Christmas is an ideal time to buy
A house for Christmas?
- 11 hours ago December 12, 2013
WANT a house under your Christmas tree? If you are thinking of buying a home, the festive season is the time to make your move.Contrary to popular belief, Christmas is an ideal time to buy, with properties left on the market in the lead up to the festive season and less potential buyers trawling real estate sites.
Agents say end-of-year vendors get to the point where they just want to sell, but realise people are on holidays. The result is they'll flip their house for less.
That's good news for potential home buyers repeatedly outbid by cashed-up investors this year in capital cities where auction clearance rates have clocked record highs.
TV real estate expert Bryce Holdaway says savvy buyers go against the trend and house hunt when the others aren't looking - that's this month and January.
"As the buyer, you generally hold all the cards at this time," says Mr Holdaway, host of Location Location Location.
"Once December rolls around, the competition is thinking more about Christmas approaching than they are about embarking on a major decision like a property purchase. And this is where you can take advantage.
"Buyers tend to get reluctant to buy close to Christmas ... they'll deal with it, along with the other new year resolutions, next year. Understandably, the vendor can become quite desperate to secure a deal."
Even in Sydney where auction clearance rates have nudged 90 per cent this year, there will be bargains in the next few weeks.
Properties are going to auction right up until the weekend before Christmas, when the crowds of competitive buyers are sure to diminish.
"People are keen to sell before the New Year and capitalise on the active market that we're currently in,'' Roger Agha, principal of Devine Real Estate said.
What's more, a recent investor sell-off in some prime Sydney suburbs could spook vendors into quick sales, with fears of the market slowing in 2014 making them more open to negotiations in the coming weeks.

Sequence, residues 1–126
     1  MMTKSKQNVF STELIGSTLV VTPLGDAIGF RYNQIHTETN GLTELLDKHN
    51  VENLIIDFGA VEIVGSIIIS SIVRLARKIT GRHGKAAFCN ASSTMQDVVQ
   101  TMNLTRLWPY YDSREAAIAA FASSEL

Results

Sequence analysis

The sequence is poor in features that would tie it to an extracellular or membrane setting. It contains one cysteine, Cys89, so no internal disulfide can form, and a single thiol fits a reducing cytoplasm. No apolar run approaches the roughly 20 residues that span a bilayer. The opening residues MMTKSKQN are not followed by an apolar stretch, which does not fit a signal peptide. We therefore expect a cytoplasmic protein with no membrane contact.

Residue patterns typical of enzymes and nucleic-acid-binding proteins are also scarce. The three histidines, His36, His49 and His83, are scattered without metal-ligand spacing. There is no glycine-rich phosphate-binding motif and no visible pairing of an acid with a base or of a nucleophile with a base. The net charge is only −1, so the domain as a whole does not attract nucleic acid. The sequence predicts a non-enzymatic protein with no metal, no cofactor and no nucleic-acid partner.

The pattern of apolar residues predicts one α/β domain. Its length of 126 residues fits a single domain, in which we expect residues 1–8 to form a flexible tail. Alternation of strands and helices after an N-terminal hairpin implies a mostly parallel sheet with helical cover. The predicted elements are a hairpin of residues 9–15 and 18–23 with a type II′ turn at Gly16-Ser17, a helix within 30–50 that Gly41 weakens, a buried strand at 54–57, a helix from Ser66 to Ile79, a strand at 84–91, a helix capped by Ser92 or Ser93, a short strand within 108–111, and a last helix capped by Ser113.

It can be more difficult to sell in January with professionals required to finalise contracts often on holidays, further motivating vendors.
January also is generally a slow month for builders and contractors. With most people on holidays and factories closed for the break, this makes it a good time to negotiate fees on new homes.
Xmas cheer for buyers
Less people looking equals less competition, which means greater flexibility in negotiations and a better chance at securing a bargain.
Another great outcome of buying at this time of year is that settlement will often be in January or February - peak rental time.
Holidays will potentially increase condition and settlement times and the longer you control a property in a rising market without actually owning it the better.
A top time to sell?
On the flipside, real estate expert Andrew Winter says the festive season can also be the optimum time to sell.
"Demand however, can vary from area to area. Inner city and urban areas may close down as residents disappear to the coast," Mr Winter says.
"Coastal areas, the country, even the outer burbs can shine during this festive season as numbers swell with visitors who can be tempted by the dream of a lifestyle change.
Mr Winter, host of Selling Houses Australia, advises vendors to consider their situation carefully at this time of year.
"Just adding days to your listing time is pointless and can have a negative impact on buyer's perception of your home if the area shuts down.
"There's also school holiday syndrome to consider if with time off, the kids want to turn the living room into a massive sleep out zone.
"Plus the detritus of Christmas wrapping ensuring your home looks like Myer at the end of the first day of the sales."
Xmas cheer for vendors
Buyers looking for properties during the holidays are usually serious about purchasing and this could lead to a quick sale.
Most buyers want to be able to move in before a new year begins.
If you're in an area that has an increased holiday population, competition between buyers may increase, this could lead to offers that are higher than your original asking price.